Porcelain or Marble Mini Demo
Left - Using an oil based
or polymer clay, model your figure over a wire armature. This
figure is 22 inches.
Right - To make the mold, place
a thin strip of clay around the outside perimeter of the figure
to divide the piece front to back. The front side of the mold
will be made first, so place sheets of clay across the gaps
(e.g., between the legs, in the underarm opening) from the
back of the figure, securing the strips of clay with smaller
pieces of clay. Press firmly, but not so hard as to distort
the surface of your clay figure. The pieces will pull off cleanly
when the front mold is finished. Push keys around the flange
from the front side about every inch or so. The keys will help
to lock the two parts of the mold together.
Left - Spray the piece liberally with
a mold release and then brush on four layers of rubber after
the previous layer has set. This is Polytek's Polygel 40 and
50 urethane rubber. When the rubber has cured, quickly mix
a batch of plaster the thickness of frosting and build up any
undercut areas. Spray the plaster undercuts with mold release.
Right - Cover the entire side with the
thick plaster mix. While still wet, lay pieces of wet burlap
onto the surface for added support. When this layer has set,
mix another batch and build up the plaster to an even thickness
of about 1 inch over the entire front all the way out to the
edges of the flange.
Left - When the plaster has set up, you
can remove the strips of clay from the back that were used
to divide the mold.
Right - Since the figure is secured
into place with the rigid plaster mold, you can now remove
the armature from the back of the figure and do touch up modeling
on the hole and surrounding area where it was attached. Once
remodeling is complete, spray the back of the figure liberally
with mold release (including the now exposed rubber edges of
the front mold). The back of the mold is then built - rubber
layers, mold release, then plaster layers.
Here, both sides of the mold are complete. Let
the plaster harden overnight and the next day, carefully pry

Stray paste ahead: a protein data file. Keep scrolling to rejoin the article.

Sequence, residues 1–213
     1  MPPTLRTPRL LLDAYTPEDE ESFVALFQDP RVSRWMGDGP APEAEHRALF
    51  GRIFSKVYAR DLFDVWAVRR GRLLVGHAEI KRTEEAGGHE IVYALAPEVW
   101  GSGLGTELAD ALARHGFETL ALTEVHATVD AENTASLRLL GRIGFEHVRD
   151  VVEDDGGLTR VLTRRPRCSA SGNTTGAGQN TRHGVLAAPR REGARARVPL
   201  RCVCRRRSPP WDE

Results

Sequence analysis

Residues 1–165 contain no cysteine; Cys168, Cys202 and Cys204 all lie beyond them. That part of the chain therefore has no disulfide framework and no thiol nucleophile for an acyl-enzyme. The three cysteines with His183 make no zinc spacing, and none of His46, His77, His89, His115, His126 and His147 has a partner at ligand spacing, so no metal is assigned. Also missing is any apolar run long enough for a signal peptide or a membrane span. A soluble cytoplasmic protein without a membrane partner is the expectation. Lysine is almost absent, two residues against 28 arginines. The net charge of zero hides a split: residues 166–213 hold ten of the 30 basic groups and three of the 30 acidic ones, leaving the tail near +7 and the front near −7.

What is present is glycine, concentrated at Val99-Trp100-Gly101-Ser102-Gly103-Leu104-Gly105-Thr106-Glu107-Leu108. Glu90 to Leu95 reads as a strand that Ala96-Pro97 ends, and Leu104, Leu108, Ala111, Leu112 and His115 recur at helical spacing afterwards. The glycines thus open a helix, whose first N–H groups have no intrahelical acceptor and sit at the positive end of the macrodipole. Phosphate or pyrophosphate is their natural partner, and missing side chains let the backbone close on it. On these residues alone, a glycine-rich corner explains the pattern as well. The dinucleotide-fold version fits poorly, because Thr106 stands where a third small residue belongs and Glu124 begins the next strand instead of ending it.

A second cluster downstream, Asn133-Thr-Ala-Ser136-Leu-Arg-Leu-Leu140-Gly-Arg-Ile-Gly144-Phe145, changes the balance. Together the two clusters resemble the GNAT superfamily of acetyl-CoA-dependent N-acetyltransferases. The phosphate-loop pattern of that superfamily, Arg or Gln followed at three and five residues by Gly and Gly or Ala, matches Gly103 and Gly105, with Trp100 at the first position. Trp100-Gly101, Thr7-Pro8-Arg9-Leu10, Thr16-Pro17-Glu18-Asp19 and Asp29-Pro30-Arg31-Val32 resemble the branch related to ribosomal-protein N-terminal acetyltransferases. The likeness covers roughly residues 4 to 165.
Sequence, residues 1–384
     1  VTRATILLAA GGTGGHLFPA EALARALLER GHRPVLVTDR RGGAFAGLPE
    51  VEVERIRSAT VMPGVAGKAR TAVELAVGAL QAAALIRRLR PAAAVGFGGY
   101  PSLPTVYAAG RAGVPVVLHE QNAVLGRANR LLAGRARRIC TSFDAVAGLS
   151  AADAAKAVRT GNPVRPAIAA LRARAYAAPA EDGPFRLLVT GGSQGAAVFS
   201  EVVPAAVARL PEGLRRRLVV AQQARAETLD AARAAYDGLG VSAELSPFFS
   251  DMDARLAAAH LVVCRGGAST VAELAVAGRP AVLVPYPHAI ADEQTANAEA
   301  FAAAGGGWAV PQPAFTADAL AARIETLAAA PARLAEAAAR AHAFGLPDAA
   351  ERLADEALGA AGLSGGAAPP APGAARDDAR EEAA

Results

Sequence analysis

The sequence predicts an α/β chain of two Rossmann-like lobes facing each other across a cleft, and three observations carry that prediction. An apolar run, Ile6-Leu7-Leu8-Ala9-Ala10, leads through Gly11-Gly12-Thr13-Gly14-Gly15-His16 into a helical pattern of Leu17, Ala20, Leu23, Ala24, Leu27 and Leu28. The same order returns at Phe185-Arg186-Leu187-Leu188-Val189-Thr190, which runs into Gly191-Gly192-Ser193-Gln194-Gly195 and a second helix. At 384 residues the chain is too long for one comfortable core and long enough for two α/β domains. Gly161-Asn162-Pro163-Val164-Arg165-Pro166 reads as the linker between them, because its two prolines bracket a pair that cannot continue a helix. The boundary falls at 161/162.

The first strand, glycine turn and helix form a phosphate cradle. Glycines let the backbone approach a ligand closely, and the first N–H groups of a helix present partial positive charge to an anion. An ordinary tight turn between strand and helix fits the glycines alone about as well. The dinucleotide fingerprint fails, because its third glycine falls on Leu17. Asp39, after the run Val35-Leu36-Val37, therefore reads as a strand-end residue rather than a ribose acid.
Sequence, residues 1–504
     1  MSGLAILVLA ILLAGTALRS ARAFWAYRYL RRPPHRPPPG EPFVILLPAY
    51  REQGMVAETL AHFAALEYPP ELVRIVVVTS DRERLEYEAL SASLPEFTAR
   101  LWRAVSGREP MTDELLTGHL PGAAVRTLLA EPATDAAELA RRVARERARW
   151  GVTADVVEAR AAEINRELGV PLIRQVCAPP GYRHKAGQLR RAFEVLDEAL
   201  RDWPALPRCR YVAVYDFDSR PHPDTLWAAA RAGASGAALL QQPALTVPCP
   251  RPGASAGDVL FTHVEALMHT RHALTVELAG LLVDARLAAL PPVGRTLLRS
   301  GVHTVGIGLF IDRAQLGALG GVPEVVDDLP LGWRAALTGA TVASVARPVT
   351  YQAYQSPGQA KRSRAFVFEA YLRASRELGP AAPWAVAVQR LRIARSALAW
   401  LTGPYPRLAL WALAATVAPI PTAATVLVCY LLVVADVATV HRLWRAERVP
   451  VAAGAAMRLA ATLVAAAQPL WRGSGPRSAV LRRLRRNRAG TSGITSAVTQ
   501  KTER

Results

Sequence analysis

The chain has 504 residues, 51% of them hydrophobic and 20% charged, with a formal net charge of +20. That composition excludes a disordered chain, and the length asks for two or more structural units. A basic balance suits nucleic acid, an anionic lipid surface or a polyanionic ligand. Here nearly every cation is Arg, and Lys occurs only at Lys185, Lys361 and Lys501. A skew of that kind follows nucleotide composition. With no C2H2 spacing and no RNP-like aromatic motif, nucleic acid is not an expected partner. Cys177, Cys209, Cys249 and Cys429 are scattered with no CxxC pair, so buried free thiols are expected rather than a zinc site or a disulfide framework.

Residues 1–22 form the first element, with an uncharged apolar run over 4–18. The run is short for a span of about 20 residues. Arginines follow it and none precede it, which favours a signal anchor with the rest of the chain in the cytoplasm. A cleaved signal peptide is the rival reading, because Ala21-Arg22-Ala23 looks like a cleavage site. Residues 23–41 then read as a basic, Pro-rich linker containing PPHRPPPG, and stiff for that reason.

into and loosen the ceramic shell with a screwdriver or crowbar
until you can wiggle one side or the other off. Remove the
other side of the plaster mold. Using a pair of sharp scissors, cut
around the perimeter of the rubber mold dividing line about 1/3
to 1/2 inch. That will leave a clean edge line to separate
the two halves of the rubber mold.
To make a casting with your mold,
open the rubber mold and spray both sides well with mold release.
Silicone rubber molds usually will not stick, but here I have
made a urethane rubber mold which will stick like glue to a
polyurethane resin filling if no mold release, or the wrong
type of mold release is used. Be sure to test the brand of
mold release you use to ensure that the fill and rubber do
Lay the pieces of the rubber mold together tightly
in one half of the plaster mold and then lay the other plaster
side on top. Wrap the entire mold with straps of inner tube
and some sort of strong twine. Invert the mold set in a bucket
and mix your fill. Here I am using a polyurethane resin (Easyflow
60) - one part A, one part B, and two parts porcelain powder.
Mixing several batches, one after the next, fill the mold to
the top. When the mold is half full, pick it up and tip it
from side to side slightly to get rid of any air pockets that
might be trapped inside. The figure can be unmolded in about
|Here is the porcelain figure unmolded.
I decided I didn't like the way the towel she
had draped over her arm was hanging, so I cut a piece of real
towel, soaked it in a cup of the porcelain mixture, arranged
it in place and let it harden as part of the statue.
For the finish, I will cover the piece with white
wax with just a pinch of iridescent powder mixed in. Below
- finished casting from second mold.
You can rework any of the castings you make
- a little, or a lot - and make another mold of the revision.
Even if you ruin your mold on the first attempt,
all is not lost as long as you have made at least one half
way decent casting from it. I decided to make some changes
to the piece and make another mold, this time using silicone.
Starting with the last bad porcelain casting from the previous
mold, I removed the parts with a hammer and chisel that I wanted
to change. This included the hands and towel, which were removed
Next, I covered most of the piece with
a very thin layer of plasteline because I wanted to change
the surface treatment and the face, feet. and base. You can
even melt some of the plasteline in a microwave and paint it
on the cast porcelain piece with a small brush. Since the piece
is rigid, no support system is needed and you can easily rework
all of the parts of the piece that you'd like.
Here we go again. Same process, just using
a different material for this mold. This is Smooth-On's silicone
rubber, Mold Max 30. Shown is the most important layer of the
mold as the first thin "bubble" layer captures
the tiniest detail. This layer should be applied with a small
brush to ensure that no air bubbles are trapped between the
model and the rubber. Subsequent layers can be applied with
a larger brush, spatula, or even a paint stirring stick
Since there is no support system now and the
piece is already rigid, when the front rubber has cured, the
piece can be laid down flat (on some pillow batting) to
make the back side without worrying about distorting the figure.
Then the two sides of the plaster mold can be made. This is
much easier than having to fight gravity with the piece standing